Instead, the exhibit in Piazza Donatello draws such vastly different crowds, all of whom come from different worlds; the student, him or herself, awkwardly stands at the snack table as the viewers circulate each room, scaling the walls up and down and left and right. The professors – people from San Francisco, Germany, and Tuscany, cheerily engage with the American parents who are visiting their child for the week. The Italian host families come dressed in their corduroy jackets and puffy coats (even though it’s 70 degrees outside), and even some of the more curious Italian individuals filter in from the surrounding piazza weave in and out of the studios, as well. It’s a mixture of languages, of clothing styles, of sentiments: curiosity, shyness, pride, excitement. And it’s all happening at once.

One girl has painted a series of paintings of her grandmother, a woman from Tientsin, China, who had passed away while the artist had been studying abroad. She had spent ten hours straight in the studio for her first: a rub-out painting of a 1935 photo of her grandmother as a child, the second a stale, hurried dinner setting at a nursing home, and the third, a steaming cup of green tea sitting next to a framed photo of her grandmother’s puckered up face. The girl’s mother had been visiting from New York, and stood still with quiet tears, laying a hand on her daughter’s shoulder. When the Italian mother walked in, stood before the three paintings and broke into an explosive sob, nestling her head into the artist’s arms and squeezing her tight. The student’s peers – the ones who had been there as she had received the news and had witnessed her therapeutic use of brushes and paint, all bowed their heads in approval.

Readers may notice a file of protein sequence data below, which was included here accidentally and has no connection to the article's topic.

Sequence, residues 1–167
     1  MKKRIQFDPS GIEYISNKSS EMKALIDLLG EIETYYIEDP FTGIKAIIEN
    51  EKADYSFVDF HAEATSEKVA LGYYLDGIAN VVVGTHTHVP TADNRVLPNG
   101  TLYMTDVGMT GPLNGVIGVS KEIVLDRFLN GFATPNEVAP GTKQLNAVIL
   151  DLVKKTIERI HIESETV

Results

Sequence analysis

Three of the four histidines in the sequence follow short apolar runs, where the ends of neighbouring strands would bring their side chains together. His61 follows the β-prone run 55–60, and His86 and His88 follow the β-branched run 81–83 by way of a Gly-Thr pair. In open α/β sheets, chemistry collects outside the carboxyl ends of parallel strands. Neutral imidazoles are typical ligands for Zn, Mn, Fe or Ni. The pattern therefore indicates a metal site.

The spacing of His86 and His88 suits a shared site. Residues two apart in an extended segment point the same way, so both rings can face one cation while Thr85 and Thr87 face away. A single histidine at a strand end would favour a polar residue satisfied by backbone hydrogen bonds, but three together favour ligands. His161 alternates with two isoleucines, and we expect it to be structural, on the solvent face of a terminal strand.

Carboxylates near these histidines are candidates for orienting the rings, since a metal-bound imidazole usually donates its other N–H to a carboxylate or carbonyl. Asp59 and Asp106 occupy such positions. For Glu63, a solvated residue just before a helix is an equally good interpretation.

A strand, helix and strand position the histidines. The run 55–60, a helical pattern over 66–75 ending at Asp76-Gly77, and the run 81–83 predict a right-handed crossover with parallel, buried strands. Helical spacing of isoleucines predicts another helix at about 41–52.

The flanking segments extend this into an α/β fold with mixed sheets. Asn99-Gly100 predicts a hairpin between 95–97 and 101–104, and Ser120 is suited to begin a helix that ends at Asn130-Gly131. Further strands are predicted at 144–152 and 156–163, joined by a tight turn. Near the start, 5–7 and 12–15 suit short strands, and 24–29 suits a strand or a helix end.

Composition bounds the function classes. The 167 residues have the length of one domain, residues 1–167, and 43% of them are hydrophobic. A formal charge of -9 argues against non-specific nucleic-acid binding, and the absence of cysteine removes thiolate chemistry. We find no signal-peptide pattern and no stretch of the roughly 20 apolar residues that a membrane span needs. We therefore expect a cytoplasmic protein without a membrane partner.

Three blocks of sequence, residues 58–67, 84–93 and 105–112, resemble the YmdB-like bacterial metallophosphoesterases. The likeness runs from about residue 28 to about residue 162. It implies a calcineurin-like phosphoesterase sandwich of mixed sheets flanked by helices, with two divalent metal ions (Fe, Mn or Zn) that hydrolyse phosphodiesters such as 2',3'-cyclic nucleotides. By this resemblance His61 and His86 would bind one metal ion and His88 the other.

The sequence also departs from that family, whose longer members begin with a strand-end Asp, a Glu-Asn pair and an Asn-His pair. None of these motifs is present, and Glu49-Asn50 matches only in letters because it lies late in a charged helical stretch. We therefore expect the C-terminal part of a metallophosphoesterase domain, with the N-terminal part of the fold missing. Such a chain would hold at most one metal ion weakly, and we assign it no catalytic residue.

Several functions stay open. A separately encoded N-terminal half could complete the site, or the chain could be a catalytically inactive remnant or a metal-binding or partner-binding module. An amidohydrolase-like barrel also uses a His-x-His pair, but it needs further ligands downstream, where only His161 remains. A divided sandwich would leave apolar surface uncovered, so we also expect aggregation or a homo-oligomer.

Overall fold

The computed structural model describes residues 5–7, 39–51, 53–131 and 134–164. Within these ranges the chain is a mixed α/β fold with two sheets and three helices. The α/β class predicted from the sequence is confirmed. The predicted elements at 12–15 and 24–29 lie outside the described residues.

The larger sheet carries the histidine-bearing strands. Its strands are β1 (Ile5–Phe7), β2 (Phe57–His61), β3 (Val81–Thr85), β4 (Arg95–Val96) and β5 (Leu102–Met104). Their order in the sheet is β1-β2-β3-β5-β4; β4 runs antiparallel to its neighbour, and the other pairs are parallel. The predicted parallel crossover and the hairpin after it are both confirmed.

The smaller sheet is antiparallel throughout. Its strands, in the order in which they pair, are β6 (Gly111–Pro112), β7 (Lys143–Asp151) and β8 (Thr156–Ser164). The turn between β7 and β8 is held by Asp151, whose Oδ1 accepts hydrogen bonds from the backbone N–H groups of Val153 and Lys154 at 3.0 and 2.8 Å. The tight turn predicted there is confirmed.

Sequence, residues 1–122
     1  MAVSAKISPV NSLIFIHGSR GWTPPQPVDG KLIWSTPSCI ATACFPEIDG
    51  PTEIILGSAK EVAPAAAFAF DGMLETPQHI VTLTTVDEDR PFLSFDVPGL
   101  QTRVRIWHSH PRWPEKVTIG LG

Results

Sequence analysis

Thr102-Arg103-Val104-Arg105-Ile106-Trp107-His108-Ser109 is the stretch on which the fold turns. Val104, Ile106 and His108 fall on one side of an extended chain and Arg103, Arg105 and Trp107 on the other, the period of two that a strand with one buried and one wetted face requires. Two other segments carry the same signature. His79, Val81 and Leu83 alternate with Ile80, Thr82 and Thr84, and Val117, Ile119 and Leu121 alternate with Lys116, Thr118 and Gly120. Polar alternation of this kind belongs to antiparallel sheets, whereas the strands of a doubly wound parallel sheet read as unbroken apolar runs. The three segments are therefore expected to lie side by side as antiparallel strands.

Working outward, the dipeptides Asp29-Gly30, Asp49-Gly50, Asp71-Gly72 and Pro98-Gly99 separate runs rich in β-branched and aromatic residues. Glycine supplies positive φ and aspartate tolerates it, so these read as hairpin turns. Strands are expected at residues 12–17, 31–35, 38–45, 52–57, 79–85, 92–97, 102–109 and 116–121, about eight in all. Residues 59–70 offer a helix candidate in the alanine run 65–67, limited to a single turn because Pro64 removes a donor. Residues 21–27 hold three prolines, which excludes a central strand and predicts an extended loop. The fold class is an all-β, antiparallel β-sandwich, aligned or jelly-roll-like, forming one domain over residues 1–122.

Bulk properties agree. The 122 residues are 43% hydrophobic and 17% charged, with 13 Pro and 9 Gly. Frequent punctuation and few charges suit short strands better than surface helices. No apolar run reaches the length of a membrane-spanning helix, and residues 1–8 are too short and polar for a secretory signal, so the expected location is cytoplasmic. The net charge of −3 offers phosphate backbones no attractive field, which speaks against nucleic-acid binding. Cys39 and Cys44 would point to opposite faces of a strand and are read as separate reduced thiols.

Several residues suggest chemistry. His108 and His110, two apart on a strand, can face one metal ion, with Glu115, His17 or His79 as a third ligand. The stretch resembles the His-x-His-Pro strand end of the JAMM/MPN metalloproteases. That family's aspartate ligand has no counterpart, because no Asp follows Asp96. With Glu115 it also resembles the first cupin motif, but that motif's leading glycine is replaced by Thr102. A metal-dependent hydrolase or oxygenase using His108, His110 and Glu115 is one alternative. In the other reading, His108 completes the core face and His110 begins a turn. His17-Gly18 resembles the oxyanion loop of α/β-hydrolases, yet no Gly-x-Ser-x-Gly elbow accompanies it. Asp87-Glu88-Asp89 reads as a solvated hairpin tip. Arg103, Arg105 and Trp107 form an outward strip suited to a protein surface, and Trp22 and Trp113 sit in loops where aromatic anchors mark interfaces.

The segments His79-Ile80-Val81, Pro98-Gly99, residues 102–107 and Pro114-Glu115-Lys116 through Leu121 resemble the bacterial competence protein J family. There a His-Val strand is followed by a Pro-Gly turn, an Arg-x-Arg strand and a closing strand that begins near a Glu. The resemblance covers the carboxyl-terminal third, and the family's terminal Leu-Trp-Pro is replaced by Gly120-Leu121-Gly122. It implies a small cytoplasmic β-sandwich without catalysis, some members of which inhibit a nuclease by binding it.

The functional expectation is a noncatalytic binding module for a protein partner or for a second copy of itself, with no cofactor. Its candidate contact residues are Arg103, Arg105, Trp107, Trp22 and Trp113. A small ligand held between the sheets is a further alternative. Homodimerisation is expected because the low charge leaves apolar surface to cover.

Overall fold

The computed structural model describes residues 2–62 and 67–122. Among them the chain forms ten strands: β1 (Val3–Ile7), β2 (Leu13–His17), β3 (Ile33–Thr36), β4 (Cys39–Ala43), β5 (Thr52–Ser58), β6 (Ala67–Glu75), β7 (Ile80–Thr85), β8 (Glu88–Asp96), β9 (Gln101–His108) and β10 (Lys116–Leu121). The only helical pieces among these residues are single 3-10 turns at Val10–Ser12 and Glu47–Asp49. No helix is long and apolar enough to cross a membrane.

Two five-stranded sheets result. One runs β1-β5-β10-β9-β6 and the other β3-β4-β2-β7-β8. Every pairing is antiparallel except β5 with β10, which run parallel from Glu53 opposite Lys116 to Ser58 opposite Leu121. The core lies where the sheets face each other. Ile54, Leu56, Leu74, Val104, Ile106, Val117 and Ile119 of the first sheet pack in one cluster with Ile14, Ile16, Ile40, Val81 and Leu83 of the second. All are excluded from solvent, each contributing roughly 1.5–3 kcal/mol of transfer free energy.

It was a mutual understanding of the strength of love and memory. It was a communal ode to the works and to its subject; in that instant, everyone knew the student’s grandmother. Everyone appreciated her. They were silent, yet had all met in the same moment, same point in the intangible universe of humanity. Italian, American, professor, student, passerby…however different they may have been, they were linked.

This is what makes art incomparable; there is nothing else that exists that can speak so loudly and so universally. There is no other medium that can say nothing and yet say everything the way that art succeeds in doing. And it doesn’t have to be the work of Monet; the work of an Introductory Painting student can tell his or her story through brushstrokes and color and attention, moving people from all walks of life. And that is the power, the great poignancy of art: its ability to create such a beautiful commonality among all of us, as one people.

Mimi McCormick is a senior at Georgetown University but grew up in Rye, NY. She is majoring in English, and minoring in Italian and Studio Arts. In her spring semester of junior year, she spent 4 1/2 months abroad in Florence, Italy, where her passion for all three of her concentrations at Georgetown flourished even more. After graduation, she hopes to return to Italy to continue her studies of art, Italian, and journalism, and to reunite with her host family.